This unseen enemy is throwing up all sorts of barriers to human contact, human interaction, so necessary for the production of goods and services on which we depend, so necessary for the building of healthy communities in which we thrive. This unseen enemy is a for-instance of those many metaphorical storms of life, both inevitable and daunting for people of faith equally for people of none.
As people of a particular faith, we look to Christ to lead us. Not, however, to lead us back to where we were, but rather to lead us forward.
So we must ask: where is Christ leading us today? How is Christ building his kingdom, his new world, through us today? What is our faithful response to COVID-19?
Already we see signs of a faithful response, both around the world and close at hand:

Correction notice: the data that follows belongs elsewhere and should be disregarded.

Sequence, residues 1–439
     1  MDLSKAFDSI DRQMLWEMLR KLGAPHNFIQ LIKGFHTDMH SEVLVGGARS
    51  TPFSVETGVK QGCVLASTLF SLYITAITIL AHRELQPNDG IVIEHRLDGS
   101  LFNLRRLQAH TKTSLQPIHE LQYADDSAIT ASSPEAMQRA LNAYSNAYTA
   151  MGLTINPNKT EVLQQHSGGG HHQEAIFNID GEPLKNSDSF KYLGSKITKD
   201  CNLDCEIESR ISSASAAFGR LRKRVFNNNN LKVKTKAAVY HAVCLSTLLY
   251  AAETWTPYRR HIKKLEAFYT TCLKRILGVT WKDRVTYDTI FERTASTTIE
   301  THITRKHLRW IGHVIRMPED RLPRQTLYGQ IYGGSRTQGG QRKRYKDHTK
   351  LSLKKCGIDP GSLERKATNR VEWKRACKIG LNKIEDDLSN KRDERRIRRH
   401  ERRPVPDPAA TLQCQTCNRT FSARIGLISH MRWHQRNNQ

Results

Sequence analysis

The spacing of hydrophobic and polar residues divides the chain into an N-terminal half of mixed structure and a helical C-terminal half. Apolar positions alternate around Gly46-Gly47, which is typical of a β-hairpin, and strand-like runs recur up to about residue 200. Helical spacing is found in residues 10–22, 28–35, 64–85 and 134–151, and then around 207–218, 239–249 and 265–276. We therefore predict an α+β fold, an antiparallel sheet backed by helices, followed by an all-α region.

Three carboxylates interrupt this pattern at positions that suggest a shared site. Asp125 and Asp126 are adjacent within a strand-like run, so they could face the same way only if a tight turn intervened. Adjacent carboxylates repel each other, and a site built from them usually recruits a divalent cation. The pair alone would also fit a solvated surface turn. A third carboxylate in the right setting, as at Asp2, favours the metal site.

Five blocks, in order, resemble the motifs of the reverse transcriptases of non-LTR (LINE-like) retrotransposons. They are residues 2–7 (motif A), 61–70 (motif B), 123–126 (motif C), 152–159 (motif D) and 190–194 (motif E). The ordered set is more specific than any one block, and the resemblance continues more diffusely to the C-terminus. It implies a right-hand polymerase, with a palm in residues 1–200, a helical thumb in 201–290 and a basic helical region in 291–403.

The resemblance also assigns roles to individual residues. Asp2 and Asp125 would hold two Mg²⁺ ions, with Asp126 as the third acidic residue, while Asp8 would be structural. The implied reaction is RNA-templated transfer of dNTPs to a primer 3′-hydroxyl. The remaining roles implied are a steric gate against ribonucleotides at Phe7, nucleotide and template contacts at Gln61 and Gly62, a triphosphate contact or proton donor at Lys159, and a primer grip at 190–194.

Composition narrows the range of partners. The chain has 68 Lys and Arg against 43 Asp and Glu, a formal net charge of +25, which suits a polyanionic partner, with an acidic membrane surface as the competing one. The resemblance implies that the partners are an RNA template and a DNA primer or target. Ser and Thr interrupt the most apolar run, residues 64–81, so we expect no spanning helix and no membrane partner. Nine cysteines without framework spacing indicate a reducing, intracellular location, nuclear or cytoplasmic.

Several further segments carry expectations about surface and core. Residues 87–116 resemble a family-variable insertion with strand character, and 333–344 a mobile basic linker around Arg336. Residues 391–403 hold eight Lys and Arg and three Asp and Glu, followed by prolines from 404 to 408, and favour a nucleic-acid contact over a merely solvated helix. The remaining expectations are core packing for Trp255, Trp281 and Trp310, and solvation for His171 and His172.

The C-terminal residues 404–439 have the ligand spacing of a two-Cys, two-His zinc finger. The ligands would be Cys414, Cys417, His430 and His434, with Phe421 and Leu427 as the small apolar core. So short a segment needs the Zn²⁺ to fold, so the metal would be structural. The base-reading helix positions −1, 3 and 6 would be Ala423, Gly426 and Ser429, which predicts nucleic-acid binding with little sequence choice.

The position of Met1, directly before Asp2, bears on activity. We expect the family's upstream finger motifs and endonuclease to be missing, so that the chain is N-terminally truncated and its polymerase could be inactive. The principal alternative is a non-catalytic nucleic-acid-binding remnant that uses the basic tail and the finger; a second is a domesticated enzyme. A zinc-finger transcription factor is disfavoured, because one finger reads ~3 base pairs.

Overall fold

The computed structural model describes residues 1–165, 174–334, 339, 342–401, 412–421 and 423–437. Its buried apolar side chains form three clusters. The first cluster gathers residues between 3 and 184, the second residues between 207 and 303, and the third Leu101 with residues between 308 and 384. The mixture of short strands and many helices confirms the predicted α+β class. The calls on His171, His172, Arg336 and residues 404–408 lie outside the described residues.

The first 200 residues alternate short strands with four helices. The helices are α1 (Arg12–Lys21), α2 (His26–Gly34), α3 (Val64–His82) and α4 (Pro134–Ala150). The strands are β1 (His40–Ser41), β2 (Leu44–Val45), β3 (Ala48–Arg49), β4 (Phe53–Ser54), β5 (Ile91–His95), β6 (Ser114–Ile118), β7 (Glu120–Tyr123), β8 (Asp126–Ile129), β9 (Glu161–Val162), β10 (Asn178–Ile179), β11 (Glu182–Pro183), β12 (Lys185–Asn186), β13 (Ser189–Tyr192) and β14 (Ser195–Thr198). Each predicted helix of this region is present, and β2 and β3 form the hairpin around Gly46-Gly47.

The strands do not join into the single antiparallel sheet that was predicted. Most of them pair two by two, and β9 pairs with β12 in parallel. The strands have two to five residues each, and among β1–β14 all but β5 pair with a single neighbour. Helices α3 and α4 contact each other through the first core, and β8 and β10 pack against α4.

~ the simple and selfless act of self-isolating on returning from a trip abroad or if displaying symptoms; ~ friends, and strangers too, delivering grocery orders or running errands for those who are unable or unwise to go out of their homes; ~ people staying in touch with one another by text message and telephone conversation; and neighbours singing to one another from apartment balconies, as we have seen in Italy.
We too commit to acts of kindness and consideration, of caring for one another’s health along all its dimensions–physical, emotional, social, spiritual–while this crisis continues.